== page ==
INFORMAL / Street life studies / Sydney, Phnom Penh

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CONTEXT

In a moment of time when the balance between the public and the private is shifting in favour of the latter, it is important that a close eye is kept on the status of the public spaces in our cities. Vital public space tends to emerge as  a product of numerous competing forces. Planning guidelines, levels of regulation and attitudes can strangle or let flourish the behaviours which enliven these areas so key to cities.
This course is an opportunity to better understand the potentials and limitations of these diverse conditions. It can be argued that the vitality of public spaces hinges on their ability to facilitate a diversity of, often unexpected, usages and interactions, by a broad spectrum of people over a wide range of time. This course suggests that the street, as the fundamental public space of the city, is where this activity can and should occur.
Not without their challenges, Phnom Penh streets are clear examples of diverse urban dwellers playing out their lives in the public domain, much appropriated and loosely regulated. In Sydney, this kind of mixed informal activity is much less apparent and the centre of the city is largely a vehicular dominated zone for weekday commerce.
The current revitalisation of key CBD zones proposes a shift from this.

A small publication summarising the activities and works of the studio elective was produced. Please see PDF here Public Space and the Informal

PROCESS

Learning centres around the role of design in activating street life. There is an emphasis on evidence-based design thinking from ‘real life’ observation and critical analysis.

Students conduct a series of observational studies in two key city thoroughfares in Sydney and Phnom Penh; George St  and St 19. They observe, analyse and graphically communicate spacio-behavioural patterns in each location.

This comparative analysis presents a series of design opportunities for small scale urban intervention proposals in each location. How can precedents from Phnom Penh be intelligently translated to inform design ideas in the changing Sydney CBD…and vice versa?

SITES

George St, Sydney + St 19 Phnom Penh : central city thoroughfares

st 19 phnom penh

St 19 Phnom Penh

george st sydney

George St Sydney

george st st 19


PART 1: Observational exercises

Using your street diary, complete a series of observational exercises in Sydney and Phnom Penh. The exercises will be the same in each city and will rely on monitoring of both the built and the behavioural environments over extended periods of time. 

Exercise 1: First impressions of the street

To capture the ‘strong’ or more prominent facets of place which are evident in a quick first visit, and filter out unnecessary information to ensure a clear focus. Reference ‘Image of A City’ and ‘Learning from Las Vegas’.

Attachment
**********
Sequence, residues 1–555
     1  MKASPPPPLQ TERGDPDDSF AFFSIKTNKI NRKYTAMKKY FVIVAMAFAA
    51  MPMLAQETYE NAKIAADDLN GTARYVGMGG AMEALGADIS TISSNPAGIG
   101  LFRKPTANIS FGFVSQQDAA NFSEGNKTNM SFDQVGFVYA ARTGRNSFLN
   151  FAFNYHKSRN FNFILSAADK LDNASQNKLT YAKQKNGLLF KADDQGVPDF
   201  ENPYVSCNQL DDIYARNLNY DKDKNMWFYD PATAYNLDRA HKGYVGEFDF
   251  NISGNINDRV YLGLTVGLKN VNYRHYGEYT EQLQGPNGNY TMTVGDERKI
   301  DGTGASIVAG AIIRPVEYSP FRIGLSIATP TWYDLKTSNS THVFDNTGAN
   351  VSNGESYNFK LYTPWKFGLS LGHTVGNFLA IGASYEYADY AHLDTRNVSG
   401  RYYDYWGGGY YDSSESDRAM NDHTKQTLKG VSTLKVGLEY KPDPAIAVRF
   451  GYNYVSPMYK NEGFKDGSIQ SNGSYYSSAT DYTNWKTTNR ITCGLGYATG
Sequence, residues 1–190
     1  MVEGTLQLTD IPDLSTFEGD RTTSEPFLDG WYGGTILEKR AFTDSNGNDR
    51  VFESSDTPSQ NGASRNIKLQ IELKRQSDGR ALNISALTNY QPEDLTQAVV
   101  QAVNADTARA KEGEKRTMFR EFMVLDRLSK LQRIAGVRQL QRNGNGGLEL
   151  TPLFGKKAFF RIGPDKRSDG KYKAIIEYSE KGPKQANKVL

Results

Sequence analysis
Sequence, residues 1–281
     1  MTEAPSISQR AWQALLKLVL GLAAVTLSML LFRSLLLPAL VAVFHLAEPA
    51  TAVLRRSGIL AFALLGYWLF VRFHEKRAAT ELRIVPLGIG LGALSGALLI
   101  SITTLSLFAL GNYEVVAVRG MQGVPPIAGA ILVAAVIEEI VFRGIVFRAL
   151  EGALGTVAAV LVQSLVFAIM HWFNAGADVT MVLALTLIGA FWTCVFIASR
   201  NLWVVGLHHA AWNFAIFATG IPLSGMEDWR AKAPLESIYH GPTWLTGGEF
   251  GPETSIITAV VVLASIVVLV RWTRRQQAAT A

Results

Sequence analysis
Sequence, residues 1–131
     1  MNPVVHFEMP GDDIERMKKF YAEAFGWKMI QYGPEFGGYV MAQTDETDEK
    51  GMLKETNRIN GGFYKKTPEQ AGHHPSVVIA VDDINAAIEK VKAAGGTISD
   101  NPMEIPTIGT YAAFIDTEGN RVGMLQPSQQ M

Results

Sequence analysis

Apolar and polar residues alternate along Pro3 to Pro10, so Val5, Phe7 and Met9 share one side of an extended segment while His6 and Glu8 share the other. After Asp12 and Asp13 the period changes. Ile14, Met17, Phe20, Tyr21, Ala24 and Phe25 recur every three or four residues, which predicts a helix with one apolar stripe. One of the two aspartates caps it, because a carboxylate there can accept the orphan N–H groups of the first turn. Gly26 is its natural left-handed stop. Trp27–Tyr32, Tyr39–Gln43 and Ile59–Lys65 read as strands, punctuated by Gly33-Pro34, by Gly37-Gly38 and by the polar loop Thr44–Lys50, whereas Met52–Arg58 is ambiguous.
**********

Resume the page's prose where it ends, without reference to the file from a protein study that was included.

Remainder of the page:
Conclusions

Sydney: traffic, circulatory movement, scale
Phnom Penh: motorbikes, food preparation eating selling


 

Exercise 2: Textures of the street

To explore the role of the tactile sense in place, analysing small scale textures on the street. Observe and record all noticeable textures, noting the object they refer to and their relationship to behaviour/usage.

Conclusions

Despite building textures in Sydney being somewhat varied those of the sidewalk are homogenous. In Phnom Penh the floor finish is much more adaptable by the associated building owner. In a visual sense, this tends to break down the scale of the street and functionally it helps in understanding various building programs and owners.


Exercise 3: Smells of the street

To explore the role of the olfactory sense in place, analysing the spectrum and intensity of ‘smell-scapes’ in the street. Observe and map noticeable smells, noting the place/object they refer to and their relationship to behaviour/usage.


Conclusions

Like sound and texture, smells in Phnom Penh are much more heterogeneous and an indicator of what is going on inside. 


 

Exercise 4: Sounds of the street

To gain awareness of the acoustic components of place over a period of time. Observe and map noticeable sounds, noting the place/object they refer to and their relationship to behaviour/usage.

 

Conclusions

Sydney street sounds are generated largely by traffic which often dominates the ability to have a conversation. In Phnom Penh, a similar situation occurs but sound is also used to communicate building functions and various mobile services….hot boiled eggs, rubbish collections etc.


 

Exercise 5: Facade adaptations

To analyze, in fine detail, the planned and unplanned elements of a facade. How is the facade appropriated by its users? Draw a facade, noting both the planned and the unplanned elements in one or two drawings.

Conclusions

In Sydney, there is very little opportunity for the adaptation of facades. They generally remain as originally planned. The opposite is the case in Phnom Penh where signs of internal life are expressed via decor, moveable objects, and activity occurring on the facades of buildings.


 

Exercise 6: A slice of street activity

To analyze, in detail, the relationship between typical boundaries in a street section and the human activities hosted at these junctions. Draw a section through the building, footpath and road. Observe and record the ways in which different thresholds affect human activities and interactions.

Conclusions

In Sydney the delineations between private building space, public sidewalk and road are very clear, with little direct interaction. In Phnom Penh the relationship between internal space and external sidewalk space is much closer – activities, objects and conversations spill over. With the rise of the vehicle the road becomes more and more separate.


Exercise 7: Activities of the street

To analyze and map particular human behaviors on the street, and their relationship to physical attributes, over contrasting time periods. Observe and record all of the ACTIVITIES, SYSTEMS AND APPROPRIATIONS that occur on your block, at MORNING DAY NIGHT.

Conclusions

The street in Phnom Penh works in a similar manner to facades, appropriated throughout the day with changing activities and users and their associated objects. This changeability is much less apparent in Sydney where program is much more fixed and the sidewalk is utilised for the most part for quick circulation from one point to another with little opportunity for stopping or other activity.